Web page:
To the Brink or Back? Iran’s Munich Proposal Should Be Taken Seriously
The Munich Security Conference 2018 was held in Bayerischer last Friday. As significant as the Iran nuclear deal is, one would expect defense of the agreement struck between Iran and the P5+1 and a clear confrontation with the US administration's position on the matter to be central. Even on Saturday, the conference turned into a scene for Europe and Russia to shield the deal against the US. In response to what Deputy Secretary of State John Sullivan said during the conference, Obama administration's Energy Secretary Ernest Moniz refused there were flaws to be corrected in the JCPOA. Nonetheless, remarks made by Iran's Javad Zarif, Benjamin Netanyahu and Saudi Foreign Minister Adel al-Jubeir turned the focus of the conference to the current debate in the Middle East, namely that of security relations and the military structure after the ISIS.
In a recent extensive survey from international relations professors from more than ten countries, a majority regarded the Middle East as the major threat for world security and peace. This is nothing new but it seems that the West is realizing the fact that it has no solution for it. Today, even independent analysts in the US itself consider the major issue with the country's ME policy to be a ridiculous effort to ignore the realities of a complex region. Putting the US foreign and security policy for the highest bid in the region, though clearer during Donald Trump's first year in office, has practically been a mechanism ruling the US' Middle East policy for more than two decades, albeit more subtly.
To face this extra-regional gaucherie and regional backwardness, Iran's diplomatic apparatus has set its main goal in the past five years to be a fight against the Arab-Israeli Iranophobia project. Field action of the response includes earnest efforts to help legitimate governments continue their rule over their territory and to fight terrorist groups. The soft side of the action includes efforts by Iran's foreign ministry which we have seen during the recent years in international forums, and public diplomacy to find grounds for regional understanding.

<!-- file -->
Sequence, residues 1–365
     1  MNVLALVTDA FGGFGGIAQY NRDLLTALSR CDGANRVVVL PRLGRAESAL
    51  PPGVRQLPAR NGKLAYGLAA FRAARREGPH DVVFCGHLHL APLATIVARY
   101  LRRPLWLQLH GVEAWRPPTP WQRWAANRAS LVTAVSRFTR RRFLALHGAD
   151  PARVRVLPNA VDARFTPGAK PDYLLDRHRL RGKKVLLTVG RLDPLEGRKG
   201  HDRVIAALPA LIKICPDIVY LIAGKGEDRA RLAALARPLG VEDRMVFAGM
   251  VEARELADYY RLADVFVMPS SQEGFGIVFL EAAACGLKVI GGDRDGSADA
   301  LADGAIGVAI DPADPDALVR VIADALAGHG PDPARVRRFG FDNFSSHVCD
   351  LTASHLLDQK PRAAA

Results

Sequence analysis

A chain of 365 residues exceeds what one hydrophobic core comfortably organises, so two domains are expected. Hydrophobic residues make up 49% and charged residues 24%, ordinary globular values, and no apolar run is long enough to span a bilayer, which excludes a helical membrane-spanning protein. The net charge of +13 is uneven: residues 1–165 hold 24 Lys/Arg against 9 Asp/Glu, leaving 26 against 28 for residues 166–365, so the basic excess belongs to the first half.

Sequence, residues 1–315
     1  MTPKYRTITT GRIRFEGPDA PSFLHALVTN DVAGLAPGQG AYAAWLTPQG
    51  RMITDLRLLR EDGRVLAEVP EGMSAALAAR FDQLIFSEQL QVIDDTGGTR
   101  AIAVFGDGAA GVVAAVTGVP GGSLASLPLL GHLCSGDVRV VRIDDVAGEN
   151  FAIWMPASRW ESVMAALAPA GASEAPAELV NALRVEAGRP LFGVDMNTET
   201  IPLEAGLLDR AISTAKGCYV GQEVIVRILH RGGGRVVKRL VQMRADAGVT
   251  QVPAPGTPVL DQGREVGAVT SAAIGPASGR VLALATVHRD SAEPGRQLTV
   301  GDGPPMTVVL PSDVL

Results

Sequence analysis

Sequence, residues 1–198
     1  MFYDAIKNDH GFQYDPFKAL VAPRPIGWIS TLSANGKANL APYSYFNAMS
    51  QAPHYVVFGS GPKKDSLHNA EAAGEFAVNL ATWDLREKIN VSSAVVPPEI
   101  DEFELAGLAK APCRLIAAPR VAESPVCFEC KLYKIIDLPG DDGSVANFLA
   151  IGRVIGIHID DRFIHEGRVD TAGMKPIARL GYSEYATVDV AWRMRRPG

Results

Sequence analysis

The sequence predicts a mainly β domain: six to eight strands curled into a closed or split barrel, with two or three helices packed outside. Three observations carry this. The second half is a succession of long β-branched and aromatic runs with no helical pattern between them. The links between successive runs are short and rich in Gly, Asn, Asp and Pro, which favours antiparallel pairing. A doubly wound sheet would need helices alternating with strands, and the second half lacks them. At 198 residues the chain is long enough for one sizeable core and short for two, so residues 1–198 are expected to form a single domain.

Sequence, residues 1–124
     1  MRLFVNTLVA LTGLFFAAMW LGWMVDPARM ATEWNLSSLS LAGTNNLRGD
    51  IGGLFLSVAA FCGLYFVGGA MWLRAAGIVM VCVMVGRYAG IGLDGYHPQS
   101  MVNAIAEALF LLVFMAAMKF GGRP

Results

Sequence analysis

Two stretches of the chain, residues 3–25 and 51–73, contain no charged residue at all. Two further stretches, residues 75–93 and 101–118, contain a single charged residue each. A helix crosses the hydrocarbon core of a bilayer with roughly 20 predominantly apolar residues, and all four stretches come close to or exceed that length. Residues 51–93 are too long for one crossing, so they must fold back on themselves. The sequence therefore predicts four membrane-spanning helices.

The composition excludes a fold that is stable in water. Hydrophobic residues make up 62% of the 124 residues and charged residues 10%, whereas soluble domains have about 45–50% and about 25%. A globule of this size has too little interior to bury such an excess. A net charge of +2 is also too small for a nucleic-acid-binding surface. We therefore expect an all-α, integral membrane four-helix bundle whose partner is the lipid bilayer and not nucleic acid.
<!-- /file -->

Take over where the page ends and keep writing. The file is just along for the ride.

Zarif's attendance and worthwhile speech in the Munich Conference is a prominent episode of this second side that let down the extraregional front's hope to escalate tensions. In contrast with the saber-rattling of Netanyahu and al-Jubeir, Zarif's emphasis on readiness for talks with all the countries in the region, speaking of the need to end regional hegemony, the need to expand regional security cooperation and reintroduction of Iran's proposed framework for ME security talks are all parts of Iran's principled, stabilizing and intelligent policy as the ultimate solution for the Middle East crisis.
The Munich Security Conference theme was aptly chosen "To the Brink and Back". Among regional personalities attending the conference, a major group continued their warmongering ways and threatening rhetoric, which practically pulls the region to the brink.
The Europeans are incapable of playing roles in the region. The Americans have lost their power and will remain confused. The Russians lack the legitimacy to fill the security gap in the Persian Gulf. However, time is ripe for a new security architecture in the Persian Gulf. In the words of Iranian foreign minister, "we have proposed, creating what we call a “strong region” as opposed to a “strong man in the region… A strong region where small and large nations—even those with historical rivalries—contribute to stability. This is simply recognizing the need to respect the interests of all stakeholders, which by its very nature will lead to stability, while hegemonic tendencies by any regional – or global — power will, by its very nature, lead to insecurity". That said, we should wait and see which way the countries in the region choose, to the brink or back?